Many are familiar with the adage: “Cheap, fast or good … you can only pick two.” However, a fourth term is creeping into the conversation: natural. From juice cleanses to raw water, many American products are being marketed as chemical-free, untreated or pure.
Dentistry, of course, has not been immune to these influences. Two of the most popular trends among patients are charcoal toothpaste and oil pulling. While it is easy to jump to conclusions regarding the safety and efficacy of these techniques, one must consider whether there is science supporting their use. Are they as effective as ADA-approved fluoride toothpastes? Does the “all-natural” label disguise later consequences? As dental professionals, we need to be informed about what our patients may be using or asking about. Knowledge of these methods — whether they are covered in dental school or in the latest BuzzFeed article — is important.
Charcoal toothpaste is one product that has recently become popular, with tubes or powders available at various local grocery stores. Charcoal is actually one of the oldest toothpaste ingredients ever recorded, dating back to Roman times. Ignoring the flavor, activated charcoal is an abrasive material that is relatively cheap, easily accessible and absorbs nasty odors. These qualities make the toothpaste appealing to consumers. Although most charcoal toothpastes start around $8, some companies, such as Sister & Co, offer a 60-ml jar of “activated charcoal tooth whitening polish” for $43.
Charcoal’s abrasive nature may initially support claims that it can whiten teeth. The ADA states that charcoal should not be used regularly as a toothpaste because it wears the enamel. As the enamel prematurely thins, the teeth will look more yellow because the dentin will become more visible. In a literature review published in the Journal of the American Dental Association, 118 studies were compared, and the authors concluded there was not enough data to support the clinical efficiency of charcoal toothpaste. If your patient is interested in using this product, give him or her the most accurate information.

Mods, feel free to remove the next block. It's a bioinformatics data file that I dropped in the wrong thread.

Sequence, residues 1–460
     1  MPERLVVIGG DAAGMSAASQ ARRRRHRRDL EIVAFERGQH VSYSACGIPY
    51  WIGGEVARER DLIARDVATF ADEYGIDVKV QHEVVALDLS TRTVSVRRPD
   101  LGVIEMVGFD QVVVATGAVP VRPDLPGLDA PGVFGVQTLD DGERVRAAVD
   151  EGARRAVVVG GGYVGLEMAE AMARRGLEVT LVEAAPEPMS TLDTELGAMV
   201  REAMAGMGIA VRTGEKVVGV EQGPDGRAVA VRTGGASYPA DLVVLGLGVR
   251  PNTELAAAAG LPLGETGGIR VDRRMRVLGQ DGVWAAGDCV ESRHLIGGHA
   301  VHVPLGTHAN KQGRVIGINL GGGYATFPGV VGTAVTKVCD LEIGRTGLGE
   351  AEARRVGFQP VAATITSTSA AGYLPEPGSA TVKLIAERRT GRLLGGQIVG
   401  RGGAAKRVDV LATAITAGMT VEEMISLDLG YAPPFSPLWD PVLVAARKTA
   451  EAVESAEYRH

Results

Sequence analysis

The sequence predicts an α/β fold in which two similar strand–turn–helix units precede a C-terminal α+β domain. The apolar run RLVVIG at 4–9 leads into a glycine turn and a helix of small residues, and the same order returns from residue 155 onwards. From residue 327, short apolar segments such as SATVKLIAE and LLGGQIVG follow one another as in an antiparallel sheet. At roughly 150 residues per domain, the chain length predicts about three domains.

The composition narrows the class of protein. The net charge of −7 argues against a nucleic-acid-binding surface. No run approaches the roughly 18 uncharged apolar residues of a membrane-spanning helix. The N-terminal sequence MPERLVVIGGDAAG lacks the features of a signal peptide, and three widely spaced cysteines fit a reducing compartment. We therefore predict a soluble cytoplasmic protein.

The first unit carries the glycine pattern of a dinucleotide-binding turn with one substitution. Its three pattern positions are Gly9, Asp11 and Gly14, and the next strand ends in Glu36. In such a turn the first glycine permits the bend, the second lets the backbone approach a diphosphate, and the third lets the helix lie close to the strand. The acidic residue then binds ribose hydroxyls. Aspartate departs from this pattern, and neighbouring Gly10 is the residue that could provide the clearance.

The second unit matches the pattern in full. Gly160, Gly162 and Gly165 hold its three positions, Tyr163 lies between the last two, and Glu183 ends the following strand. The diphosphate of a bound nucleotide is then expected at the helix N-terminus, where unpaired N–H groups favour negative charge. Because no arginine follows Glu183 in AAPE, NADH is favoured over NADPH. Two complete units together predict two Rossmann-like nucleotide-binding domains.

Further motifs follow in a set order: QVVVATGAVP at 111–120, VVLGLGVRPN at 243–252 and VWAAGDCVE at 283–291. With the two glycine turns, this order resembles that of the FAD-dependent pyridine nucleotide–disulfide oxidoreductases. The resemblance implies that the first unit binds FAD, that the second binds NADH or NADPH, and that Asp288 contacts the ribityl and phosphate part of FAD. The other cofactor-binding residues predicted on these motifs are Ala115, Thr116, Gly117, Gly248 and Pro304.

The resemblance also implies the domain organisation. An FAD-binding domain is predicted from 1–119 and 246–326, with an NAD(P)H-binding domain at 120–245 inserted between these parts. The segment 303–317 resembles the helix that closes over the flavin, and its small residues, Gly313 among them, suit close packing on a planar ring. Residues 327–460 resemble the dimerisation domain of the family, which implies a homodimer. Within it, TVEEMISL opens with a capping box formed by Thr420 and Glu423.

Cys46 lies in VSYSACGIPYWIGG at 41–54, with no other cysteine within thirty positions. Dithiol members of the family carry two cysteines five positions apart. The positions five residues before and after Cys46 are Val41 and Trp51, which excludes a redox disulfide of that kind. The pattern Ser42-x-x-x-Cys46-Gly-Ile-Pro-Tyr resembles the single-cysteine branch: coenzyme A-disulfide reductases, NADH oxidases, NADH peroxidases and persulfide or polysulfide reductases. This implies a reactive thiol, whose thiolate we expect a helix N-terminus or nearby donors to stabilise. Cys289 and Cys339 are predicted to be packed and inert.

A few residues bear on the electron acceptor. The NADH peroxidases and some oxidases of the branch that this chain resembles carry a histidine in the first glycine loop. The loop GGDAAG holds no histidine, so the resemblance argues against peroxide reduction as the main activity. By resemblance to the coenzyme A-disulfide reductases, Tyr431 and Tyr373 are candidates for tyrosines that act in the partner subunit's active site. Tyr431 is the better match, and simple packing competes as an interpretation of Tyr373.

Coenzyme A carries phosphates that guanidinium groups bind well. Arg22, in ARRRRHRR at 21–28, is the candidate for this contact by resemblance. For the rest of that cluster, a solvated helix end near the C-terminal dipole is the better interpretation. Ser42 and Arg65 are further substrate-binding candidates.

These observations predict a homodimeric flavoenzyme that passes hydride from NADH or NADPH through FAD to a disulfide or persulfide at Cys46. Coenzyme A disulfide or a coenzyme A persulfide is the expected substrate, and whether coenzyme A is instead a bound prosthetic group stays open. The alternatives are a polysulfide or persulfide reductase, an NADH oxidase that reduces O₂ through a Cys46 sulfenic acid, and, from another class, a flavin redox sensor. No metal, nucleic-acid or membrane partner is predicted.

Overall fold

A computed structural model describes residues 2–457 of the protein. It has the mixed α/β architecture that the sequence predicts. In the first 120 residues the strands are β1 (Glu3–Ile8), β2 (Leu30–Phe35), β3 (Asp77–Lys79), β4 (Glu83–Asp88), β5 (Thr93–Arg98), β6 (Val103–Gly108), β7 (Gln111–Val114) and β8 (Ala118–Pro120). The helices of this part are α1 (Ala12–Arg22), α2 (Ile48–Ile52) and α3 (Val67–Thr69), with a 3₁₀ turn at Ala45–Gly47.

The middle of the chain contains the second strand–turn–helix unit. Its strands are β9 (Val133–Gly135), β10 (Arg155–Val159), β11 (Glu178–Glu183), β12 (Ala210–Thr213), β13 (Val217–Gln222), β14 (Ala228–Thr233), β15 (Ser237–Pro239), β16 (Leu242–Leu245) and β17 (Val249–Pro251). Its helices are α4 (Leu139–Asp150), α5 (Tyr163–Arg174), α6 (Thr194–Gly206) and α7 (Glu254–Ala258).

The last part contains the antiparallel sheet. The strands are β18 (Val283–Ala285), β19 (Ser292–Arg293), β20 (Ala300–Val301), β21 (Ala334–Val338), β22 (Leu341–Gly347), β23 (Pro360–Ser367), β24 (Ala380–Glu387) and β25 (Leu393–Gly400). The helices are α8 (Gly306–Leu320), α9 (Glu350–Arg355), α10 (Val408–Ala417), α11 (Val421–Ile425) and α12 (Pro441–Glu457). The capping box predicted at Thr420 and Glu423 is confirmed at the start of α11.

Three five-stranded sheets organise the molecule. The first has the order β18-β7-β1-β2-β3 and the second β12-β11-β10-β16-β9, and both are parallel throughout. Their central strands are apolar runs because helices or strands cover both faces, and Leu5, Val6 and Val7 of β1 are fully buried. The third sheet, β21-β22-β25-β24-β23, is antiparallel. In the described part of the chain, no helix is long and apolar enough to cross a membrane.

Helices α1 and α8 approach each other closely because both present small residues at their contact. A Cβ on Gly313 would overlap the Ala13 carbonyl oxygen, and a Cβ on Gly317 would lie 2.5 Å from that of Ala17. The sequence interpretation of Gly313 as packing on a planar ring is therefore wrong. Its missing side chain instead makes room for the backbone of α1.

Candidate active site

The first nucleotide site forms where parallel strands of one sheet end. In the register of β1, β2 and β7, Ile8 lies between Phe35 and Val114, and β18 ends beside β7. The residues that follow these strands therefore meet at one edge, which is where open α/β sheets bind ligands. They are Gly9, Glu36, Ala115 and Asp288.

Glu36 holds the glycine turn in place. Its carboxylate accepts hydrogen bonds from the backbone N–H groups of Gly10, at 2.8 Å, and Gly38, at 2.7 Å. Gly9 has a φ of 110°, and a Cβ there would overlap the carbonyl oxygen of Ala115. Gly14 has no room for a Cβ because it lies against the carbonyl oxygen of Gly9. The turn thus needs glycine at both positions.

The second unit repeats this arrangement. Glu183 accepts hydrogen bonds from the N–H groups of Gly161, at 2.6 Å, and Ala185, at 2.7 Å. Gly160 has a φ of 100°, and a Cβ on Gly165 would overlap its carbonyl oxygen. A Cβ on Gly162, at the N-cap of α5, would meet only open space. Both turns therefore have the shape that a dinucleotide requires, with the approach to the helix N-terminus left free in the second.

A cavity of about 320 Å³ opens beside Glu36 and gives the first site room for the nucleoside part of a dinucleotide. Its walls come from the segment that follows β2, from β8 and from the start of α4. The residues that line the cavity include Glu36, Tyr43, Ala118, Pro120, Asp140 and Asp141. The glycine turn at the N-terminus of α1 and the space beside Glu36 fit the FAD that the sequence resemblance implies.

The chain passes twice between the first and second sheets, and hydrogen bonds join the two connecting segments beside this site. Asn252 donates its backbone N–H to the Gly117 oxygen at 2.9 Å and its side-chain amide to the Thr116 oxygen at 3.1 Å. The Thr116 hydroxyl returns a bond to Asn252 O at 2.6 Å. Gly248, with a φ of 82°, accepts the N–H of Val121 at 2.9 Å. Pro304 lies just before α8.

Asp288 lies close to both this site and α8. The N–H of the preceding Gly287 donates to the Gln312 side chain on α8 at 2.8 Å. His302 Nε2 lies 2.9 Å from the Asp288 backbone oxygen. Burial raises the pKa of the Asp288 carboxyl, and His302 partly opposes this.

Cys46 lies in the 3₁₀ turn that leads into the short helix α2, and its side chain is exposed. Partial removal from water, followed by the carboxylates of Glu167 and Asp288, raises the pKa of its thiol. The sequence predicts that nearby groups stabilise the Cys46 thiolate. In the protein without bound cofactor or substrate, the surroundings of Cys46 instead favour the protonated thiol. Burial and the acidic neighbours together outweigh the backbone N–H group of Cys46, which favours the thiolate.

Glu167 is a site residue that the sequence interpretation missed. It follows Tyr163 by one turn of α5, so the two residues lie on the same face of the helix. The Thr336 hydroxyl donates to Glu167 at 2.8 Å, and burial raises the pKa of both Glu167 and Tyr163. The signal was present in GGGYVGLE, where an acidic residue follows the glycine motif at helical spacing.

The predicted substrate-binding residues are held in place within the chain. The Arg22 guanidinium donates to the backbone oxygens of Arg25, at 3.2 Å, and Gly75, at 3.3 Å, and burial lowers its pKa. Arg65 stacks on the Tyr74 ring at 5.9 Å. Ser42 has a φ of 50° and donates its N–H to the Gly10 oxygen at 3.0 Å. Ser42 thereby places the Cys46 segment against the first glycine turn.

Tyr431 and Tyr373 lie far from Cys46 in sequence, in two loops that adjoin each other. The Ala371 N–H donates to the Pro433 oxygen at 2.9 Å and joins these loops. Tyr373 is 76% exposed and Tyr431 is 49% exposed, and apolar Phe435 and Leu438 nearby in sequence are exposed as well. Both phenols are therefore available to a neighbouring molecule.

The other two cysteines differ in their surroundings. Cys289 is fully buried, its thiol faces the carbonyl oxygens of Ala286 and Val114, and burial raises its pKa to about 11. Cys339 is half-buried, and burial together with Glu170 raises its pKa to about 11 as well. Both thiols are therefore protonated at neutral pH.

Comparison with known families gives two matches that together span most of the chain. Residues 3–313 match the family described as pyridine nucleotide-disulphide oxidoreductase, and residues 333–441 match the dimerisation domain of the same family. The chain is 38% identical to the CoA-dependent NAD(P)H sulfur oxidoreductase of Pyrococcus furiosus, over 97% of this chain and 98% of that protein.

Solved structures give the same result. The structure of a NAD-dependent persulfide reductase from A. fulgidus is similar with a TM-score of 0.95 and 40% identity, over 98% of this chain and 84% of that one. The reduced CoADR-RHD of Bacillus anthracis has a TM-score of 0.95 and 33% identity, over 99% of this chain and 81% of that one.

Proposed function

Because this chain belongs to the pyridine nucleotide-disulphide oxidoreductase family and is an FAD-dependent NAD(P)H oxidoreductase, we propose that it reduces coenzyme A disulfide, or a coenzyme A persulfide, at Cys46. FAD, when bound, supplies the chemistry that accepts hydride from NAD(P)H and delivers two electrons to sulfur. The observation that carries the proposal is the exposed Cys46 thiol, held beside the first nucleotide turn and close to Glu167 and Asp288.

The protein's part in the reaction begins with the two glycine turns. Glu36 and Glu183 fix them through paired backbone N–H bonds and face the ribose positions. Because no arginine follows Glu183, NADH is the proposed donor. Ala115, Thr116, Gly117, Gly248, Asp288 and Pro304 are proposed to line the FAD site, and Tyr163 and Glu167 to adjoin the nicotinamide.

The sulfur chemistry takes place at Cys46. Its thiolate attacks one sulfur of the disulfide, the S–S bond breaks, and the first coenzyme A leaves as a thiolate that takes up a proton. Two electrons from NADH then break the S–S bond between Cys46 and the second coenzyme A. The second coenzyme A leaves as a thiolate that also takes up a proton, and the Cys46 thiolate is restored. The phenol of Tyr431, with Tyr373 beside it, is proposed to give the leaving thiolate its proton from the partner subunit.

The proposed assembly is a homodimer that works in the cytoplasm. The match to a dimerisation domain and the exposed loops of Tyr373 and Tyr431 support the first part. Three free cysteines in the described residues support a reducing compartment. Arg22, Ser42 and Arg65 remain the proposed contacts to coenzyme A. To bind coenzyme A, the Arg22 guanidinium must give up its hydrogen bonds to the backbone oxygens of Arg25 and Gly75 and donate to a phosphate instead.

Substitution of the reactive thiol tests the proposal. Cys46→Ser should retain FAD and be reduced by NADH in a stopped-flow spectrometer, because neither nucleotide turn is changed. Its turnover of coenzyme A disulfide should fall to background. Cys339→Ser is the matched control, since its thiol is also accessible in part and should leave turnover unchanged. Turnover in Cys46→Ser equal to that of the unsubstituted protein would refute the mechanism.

Oil pulling is another method thought to improve oral hygiene, dating back centuries. To properly oil pull, individuals swish an oil, usually coconut oil, around his or her mouth for 10-20 minutes before spitting it out. This is thought to help decrease plaque-forming bacteria, thus reducing gingivitis and caries.
In addition to being a delicious cooking oil, coconut oil is used as a leave-in hair conditioner and skin moisturizer. Unlike charcoal toothpaste, there is evidence suggesting that oil pulling can be beneficial for oral health. Many studies have been conducted detailing the effects of oil pulling. In a study published in the Journal of Indian Society of Pedodontics and Preventive Dentistry, 10 individuals showed statistically significant reductions in Streptococcus mutans counts and plaque and gingival indices after oil pulling with sesame oil for 45 days. Likewise, a similar study by Peedikayil et al. that researched the effects of oil pulling with coconut oil over the span of 30 days showed similar results. Although more research needs to be conducted, there seems to be a net neutral or positive when it comes to oral health. It must be noted that the ADA does not recommend oil pulling as a dental hygiene practice.
In the best case scenario, when used in conjunction with regular brushing with fluoride toothpaste, oil pulling may reduce the number of pathogenic bacteria in one’s mouth, reducing gingivitis. On the flip side, you can use it to exercise your facial muscles for 10-20 minutes and then have a jar of coconut oil that you can use for something else, whether it’s for your food or your body.
No matter what you do with the oil, just make sure to leave the charcoal for your grill.
~Emily Williams, Georgia ’20, Chapter Publications Chair